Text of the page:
The preanalytical phase includes procedures concerning sample collection prior to laboratory analysis such as patient identification, phlebotomy and transport of specimens to the laboratory (1). Sample haemolysis due to usage of inappropriate needles, under filling of collection tubes, usage of wrong collection tubes and partial coagulation are common examples that potentially influence clinical laboratory outcomes (2). In particular, phlebotomy is an error-prone process that should be performed by well-trained certificated phlebotomists (3, 4). Sampling errors are the major cause for hardly traceable unreliable laboratory results which can easily lead to misdiagnosis and wrong treatment of patients. In such cases the interferences could be subtle and therefore not always noticed by laboratory technicians, clinical chemists and clinicians. Despite experienced laboratory experts being aware of such pitfalls, it is important to gain insight in cases in which erroneous phlebotomy causes unreliable laboratory results. This case report describes the risks and consequences of performing a venipuncture in close proximity to an intravenous catheter.
Case report and laboratory analyses
Patient medical history
The described patient provided written informed consent. A 69-year-old male patient was referred to the Emergency department (ED) of our university hospital. The past medical history mentions pleuropneumonia and tuberculous meningitis 21 years prior to presentation. A follicular lymphoma was diagnosed 8 years later for which he was treated with chemo-immunotherapy and allogenic stem cell transplantation. Subsequent immune suppression therapy to minimize graft versus host disease after allogenic stem cell transplantation was complicated by an episode of meningitis and pneumonia. Because of this past medical history he was checked at the Haematology Department on a regular basis, during which laboratory analysis was performed to monitor renal and liver function and haematological parameters. At the most recent visit three months prior to presentation no clinically relevant abnormal laboratory results were obtained (Table 1).
Emergency department presentation
The reason for patient presentation at the ED was suspicion of pneumonia with complaints of dyspnoea, without signs of coughing. Moreover, he experienced weakness in his legs since one week. During physical examination, the patient had a body temperature of 39.6 degrees Celsius and an oxygen saturation of 96% during three litres oxygen supplementation per minute, but was not in acute respiratory distress. Percussion dullness was noticed at the lower right thorax during pulmonary examination. The chest X-ray was markedly abnormal with flattening of the left hemi-diaphragm and pleural effusion and atelectasis in the right hemithorax was observed, but this was in accordance with previous observed pleurodiaphragmatic adhesions (Figure 1). The abnormalities at the left were slightly increased compared to a previous observation.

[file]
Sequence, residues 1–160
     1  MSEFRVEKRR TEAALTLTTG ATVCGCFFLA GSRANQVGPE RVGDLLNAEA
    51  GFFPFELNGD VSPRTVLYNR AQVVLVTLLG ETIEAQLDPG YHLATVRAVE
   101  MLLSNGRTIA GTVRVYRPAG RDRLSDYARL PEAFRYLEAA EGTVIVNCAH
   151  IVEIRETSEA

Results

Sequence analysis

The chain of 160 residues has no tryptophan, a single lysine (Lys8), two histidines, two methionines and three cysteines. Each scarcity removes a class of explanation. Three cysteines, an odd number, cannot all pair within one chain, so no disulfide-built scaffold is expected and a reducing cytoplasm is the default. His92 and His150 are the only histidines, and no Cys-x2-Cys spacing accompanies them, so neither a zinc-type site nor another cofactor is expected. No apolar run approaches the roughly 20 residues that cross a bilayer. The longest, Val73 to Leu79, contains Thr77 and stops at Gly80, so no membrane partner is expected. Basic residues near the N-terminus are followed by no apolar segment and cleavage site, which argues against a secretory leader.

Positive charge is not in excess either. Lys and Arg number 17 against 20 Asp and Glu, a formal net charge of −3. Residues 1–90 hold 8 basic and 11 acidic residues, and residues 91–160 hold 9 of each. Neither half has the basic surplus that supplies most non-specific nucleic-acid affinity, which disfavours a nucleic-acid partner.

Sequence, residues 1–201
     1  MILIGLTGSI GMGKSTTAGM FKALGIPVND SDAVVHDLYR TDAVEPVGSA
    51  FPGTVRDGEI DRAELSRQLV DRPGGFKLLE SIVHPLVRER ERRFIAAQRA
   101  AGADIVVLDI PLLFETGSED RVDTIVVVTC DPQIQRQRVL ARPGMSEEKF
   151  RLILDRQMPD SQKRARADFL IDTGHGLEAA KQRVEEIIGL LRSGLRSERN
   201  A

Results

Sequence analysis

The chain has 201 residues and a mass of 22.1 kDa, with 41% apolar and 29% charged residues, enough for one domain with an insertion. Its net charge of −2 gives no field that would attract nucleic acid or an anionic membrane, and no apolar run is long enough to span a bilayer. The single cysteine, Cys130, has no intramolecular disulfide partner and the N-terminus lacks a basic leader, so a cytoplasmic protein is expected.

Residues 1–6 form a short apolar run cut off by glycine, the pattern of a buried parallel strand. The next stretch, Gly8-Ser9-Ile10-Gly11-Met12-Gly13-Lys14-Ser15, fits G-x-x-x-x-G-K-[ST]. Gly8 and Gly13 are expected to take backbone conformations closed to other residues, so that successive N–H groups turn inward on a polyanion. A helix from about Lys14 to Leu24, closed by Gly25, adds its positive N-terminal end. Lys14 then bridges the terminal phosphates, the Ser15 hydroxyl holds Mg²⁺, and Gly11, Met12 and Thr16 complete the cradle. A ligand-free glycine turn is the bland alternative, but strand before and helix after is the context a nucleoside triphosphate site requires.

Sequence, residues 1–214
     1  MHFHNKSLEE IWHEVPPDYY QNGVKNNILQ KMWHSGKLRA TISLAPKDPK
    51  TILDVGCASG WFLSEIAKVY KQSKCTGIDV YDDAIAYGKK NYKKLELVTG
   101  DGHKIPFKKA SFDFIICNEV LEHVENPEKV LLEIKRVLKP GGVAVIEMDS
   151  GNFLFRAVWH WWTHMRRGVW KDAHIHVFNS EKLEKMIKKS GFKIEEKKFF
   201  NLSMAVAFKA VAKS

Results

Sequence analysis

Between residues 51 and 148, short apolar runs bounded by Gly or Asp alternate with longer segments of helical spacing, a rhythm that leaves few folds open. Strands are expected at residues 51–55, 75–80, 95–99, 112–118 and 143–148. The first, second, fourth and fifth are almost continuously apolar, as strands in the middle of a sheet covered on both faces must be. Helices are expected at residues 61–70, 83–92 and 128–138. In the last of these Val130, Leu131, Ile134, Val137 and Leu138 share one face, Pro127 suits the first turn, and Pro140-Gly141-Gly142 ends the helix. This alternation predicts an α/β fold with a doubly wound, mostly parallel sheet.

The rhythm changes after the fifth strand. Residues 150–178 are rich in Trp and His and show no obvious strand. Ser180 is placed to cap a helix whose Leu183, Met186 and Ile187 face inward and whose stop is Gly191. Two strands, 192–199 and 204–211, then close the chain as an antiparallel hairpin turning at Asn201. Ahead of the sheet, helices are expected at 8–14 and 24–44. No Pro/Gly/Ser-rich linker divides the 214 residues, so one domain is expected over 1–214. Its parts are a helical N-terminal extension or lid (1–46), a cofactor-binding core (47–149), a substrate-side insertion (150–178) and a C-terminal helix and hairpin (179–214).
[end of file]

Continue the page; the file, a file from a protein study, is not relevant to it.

Laboratory analysis and patient’s treatment
To support the diagnostics, the phlebotomist collected blood samples and sent these to the laboratory for haematological and chemical analysis to assess electrolytes, renal function, liver function, infection and haematological parameters. The haematological parameters were measured on an automated XN-9000 haematology analyzer (Sysmex, Norderstedt, Germany). A Cobas C-8000 automated modular analyzer (Roche Diagnostics, Indianapolis, USA) was used to perform chemical analysis. No technical errors during laboratory analysis were reported. Strikingly reduced concentrations of potassium were observed (Table 1). Therefore, the clinician decided to supplement the patient with 40 mmol potassium orally to prevent serious rhythm abnormalities. In addition, 2.25 mmol calcium gluconate was supplemented intravenously based on the low concentration of calcium analysed from the same blood sample. To investigate whether the hypokalaemia and hypocalcaemia caused cardiac conduction disturbances an electrocardiogram (ECG) was performed. However, no abnormalities consistent with low potassium or low calcium were observed (Figure 2).